Barwick coffee morning: members of Barwick in Bloom will host one of their popular coffee mornings at the village hall on Saturday, October 5, from 10am-noon. Admission costing £1 will include light refreshments and stalls selling cakes, books and other items will be available. All proceeds will go towards the cost of plants for next year’s floral displays in the village.

Parish forum: there will no doubt be plenty to talk about at the parish forum next Monday (October 7) at Barwick Methodist Schoolroom, 7pm. The forum gives villagers a chance to discuss with parish councillors issues of local concern - and there is no shortage of those. It will be followed at 7.30pm by the October meeting of the parish council, which as always will be open to the public to observe.

A welcome Gold for Scholes: congratulations to the indefatigable, all-weather gardeners of the Scholes in Bloom team on winning Gold for the second time in Yorkshire in Bloom. Though delighted, the group’s chairman, Ben Hogan, is disappointed that Scholes did not finish on top the Large Village section, coming a close second to Shadwell. The latter can now represent Yorkshire in next year’s Britain in Bloom. However, if the Shadwell in Bloom team decide they don’t need the work, worry and cost of competing in the national event – it has cost Barwick in Bloom around £12,000 this year – then Ben and his team could still be invited to step forward in pursuit of national glory.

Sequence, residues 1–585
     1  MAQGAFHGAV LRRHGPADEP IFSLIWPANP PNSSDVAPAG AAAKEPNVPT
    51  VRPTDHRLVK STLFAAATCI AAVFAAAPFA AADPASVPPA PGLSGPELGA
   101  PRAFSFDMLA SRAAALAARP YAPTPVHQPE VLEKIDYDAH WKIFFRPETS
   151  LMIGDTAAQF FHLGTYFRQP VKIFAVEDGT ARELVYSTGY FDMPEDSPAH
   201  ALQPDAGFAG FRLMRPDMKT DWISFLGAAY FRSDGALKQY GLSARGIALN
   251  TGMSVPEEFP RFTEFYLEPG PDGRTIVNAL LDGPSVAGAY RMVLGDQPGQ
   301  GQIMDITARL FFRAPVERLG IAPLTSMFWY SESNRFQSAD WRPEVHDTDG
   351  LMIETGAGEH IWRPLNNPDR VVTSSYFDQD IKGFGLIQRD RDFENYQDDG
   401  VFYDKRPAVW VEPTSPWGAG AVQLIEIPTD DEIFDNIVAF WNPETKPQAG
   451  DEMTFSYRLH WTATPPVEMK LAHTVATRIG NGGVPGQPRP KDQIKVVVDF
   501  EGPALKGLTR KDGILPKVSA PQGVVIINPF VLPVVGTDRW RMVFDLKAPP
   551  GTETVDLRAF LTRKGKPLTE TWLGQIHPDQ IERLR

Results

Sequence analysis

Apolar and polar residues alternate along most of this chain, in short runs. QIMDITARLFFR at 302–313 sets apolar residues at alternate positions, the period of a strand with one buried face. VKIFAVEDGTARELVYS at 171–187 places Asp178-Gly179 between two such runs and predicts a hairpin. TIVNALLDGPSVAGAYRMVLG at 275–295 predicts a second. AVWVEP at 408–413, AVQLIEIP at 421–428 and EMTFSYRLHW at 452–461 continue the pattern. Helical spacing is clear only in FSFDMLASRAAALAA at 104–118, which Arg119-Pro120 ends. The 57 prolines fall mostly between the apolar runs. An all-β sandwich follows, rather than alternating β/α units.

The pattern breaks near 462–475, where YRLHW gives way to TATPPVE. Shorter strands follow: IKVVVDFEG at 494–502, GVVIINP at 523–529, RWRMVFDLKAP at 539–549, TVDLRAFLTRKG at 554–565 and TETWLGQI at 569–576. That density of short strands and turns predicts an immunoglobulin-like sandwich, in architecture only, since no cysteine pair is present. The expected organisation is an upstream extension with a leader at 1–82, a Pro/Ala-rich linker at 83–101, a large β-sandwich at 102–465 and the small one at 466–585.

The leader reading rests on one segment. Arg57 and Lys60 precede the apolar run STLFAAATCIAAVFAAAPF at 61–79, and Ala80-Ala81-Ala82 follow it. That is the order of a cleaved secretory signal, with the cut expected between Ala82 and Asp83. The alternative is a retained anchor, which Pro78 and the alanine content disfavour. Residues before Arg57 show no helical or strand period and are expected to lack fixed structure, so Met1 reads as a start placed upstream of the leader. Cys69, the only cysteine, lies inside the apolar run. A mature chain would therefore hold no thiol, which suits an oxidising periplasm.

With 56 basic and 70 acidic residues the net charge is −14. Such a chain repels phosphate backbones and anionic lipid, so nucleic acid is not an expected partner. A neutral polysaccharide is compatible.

Gold for Barwick’s pubs: although Barwick couldn’t enter Yorkshire in Bloom this year, due to its national commitment, the village’s churches and pubs still entered their respective categories. And all three of Barwick’s popular pubs – the Black Swan, Gascoigne Arms and New Inn – won Gold medals to display with pride behind their bars. The teams of dedicated volunteers who care for the churchyards at the village’s All Saints’ Church and Methodist Church are also celebrating winning Silver Gilt awards in Yorkshire in Bloom.

Autumn fair: one of Barwick’s most popular annual events, the Autumn fair to raise funds for the NSPCC, will take place at the village hall on Saturday, October 12. The charity’s protection for children and support for their families is as important today as it ever was. Among a wide variety of stalls will be the highly popular knit and stitch stall, which last year attracted the unwanted contents of many villagers’ sewing and knitting baskets. Donations for this and other stalls will be warmly welcomed. Also, ‘Teddy Tombola’ is seeking well-loved or event neglected soft toys. Anyone wishing to donate items for sale should call the organisers, tel. (0113) 281-2530.

Barwick in Bloom: members of the multi-award winning Barwick in Bloom will learn on Saturday, October 12 whether their sterling work this year was enough to win Gold for Barwick in the Britain in Bloom competition. The village last scooped this major accolade in 2009, when it was judged to be the ‘best of the best’ in the large village category.